During these critical times of economic challenge and intense debate over health care reform, finding ways to reduce the cost of health care is central to solving our financial dilemma.  Many feel that both the quality and cost of health care are greatly influenced by how providers are reimbursed because their actions and interactions are understandably tied to their need to earn, protect, and even grow their own incomes.

Reducing the Cost of Care
In an effort to reduce costs, there are five ways commonly discussed for doing so.  Four of them are tied to changes in how services are reimbursed: 1-just lower fees in the current fee-for-service system; 2-transition to a pay-for-performance model where fees are based on quality and value of the service; 3-combining payments for distinct episodes of care (fee-bundling); and 4-creating global payment systems, such as capitation.  The fifth is to simply restrict access to, or ration, certain forms or quantities of care.

Let’s look at and compare the first two of these reimbursement methods and how they influence providers in their role in determining both the quality and cost of health care.

Fee-For-Service Reimbursement
Fee-for-service reimbursement is currently our dominant payment method.  It rewards providers for prescribing more treatment, not less, with the same financial benefit for a superior treatment outcome as for an inferior one.  An inferior one even requires more treatment, which of course can mean more income.  So the more services a provider carries out and the higher the price of those services, the more money that provider makes.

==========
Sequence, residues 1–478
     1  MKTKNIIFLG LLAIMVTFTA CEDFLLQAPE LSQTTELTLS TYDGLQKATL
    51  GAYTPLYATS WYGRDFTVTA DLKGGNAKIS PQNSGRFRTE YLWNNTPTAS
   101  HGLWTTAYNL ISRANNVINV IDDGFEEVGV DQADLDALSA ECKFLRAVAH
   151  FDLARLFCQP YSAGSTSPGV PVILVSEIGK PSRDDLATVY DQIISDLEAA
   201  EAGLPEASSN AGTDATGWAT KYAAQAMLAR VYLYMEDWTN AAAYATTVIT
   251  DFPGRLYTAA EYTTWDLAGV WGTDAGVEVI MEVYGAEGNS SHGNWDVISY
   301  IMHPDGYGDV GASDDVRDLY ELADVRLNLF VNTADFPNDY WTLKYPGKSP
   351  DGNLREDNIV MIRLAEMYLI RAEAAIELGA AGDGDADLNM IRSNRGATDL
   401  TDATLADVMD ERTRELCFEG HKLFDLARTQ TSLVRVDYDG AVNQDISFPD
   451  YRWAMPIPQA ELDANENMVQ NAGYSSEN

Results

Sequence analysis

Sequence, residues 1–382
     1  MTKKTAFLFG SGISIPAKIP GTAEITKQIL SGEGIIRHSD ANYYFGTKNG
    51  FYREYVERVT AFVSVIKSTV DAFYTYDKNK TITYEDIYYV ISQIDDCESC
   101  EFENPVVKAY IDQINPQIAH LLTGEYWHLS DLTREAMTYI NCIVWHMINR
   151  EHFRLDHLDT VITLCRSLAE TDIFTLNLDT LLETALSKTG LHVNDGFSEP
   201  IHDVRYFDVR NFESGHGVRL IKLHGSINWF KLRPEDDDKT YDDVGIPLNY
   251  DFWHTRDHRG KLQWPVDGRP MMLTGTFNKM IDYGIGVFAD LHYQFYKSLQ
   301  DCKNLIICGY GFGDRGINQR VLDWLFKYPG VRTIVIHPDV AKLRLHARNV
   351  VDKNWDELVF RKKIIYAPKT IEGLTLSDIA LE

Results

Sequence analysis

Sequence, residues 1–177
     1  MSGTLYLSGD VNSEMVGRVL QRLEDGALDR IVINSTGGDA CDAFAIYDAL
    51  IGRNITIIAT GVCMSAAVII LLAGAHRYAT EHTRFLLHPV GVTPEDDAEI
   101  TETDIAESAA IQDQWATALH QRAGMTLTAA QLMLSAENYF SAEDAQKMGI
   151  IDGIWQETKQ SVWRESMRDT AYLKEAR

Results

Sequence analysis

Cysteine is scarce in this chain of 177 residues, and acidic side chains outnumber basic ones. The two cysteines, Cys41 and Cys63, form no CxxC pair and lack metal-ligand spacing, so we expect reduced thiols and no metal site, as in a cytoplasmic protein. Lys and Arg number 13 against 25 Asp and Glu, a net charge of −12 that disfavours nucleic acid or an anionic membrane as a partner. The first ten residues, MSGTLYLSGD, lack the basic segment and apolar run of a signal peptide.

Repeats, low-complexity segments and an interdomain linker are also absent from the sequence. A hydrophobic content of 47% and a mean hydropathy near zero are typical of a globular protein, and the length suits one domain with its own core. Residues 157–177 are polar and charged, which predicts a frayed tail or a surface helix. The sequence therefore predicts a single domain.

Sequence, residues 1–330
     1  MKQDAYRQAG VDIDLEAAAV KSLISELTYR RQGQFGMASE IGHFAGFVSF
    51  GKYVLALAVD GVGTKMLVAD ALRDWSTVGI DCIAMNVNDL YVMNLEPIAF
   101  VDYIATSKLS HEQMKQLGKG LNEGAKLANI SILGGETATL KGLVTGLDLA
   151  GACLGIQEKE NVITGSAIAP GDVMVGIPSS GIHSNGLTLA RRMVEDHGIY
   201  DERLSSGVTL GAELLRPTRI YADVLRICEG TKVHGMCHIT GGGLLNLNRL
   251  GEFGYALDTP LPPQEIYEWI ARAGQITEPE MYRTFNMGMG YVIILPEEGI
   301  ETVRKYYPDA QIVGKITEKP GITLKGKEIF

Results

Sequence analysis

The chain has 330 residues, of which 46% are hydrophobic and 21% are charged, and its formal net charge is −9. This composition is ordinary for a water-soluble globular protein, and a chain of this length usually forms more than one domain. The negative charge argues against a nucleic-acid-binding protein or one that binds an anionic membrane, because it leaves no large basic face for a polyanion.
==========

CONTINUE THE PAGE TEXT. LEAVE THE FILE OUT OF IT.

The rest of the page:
This volume-driven system creates considerable conflict for providers, many of whom understandably develop an economic bias in favor of treatments that pay better, sometimes even if they are unproven, without necessarily even considering what’s best for their patient. That widely held economic bias moves providers toward delivering as much treatment as possible, rather than providing treatment only as needed for recovery.

So to merely reduce fee-for-service reimbursement fees as a major cost-cutting strategy will only provide very short-term savings as neither patients nor providers have any incentive to reduce levels of utilization or to maximize the quality of care.  To the contrary, it is predictable from past experience that reducing those fees will only motivate more treatment to compensate for the lost income from lower fees. Since delivering high quality care is not rewarded financially, it therefore is very often not the provider’s primary objective.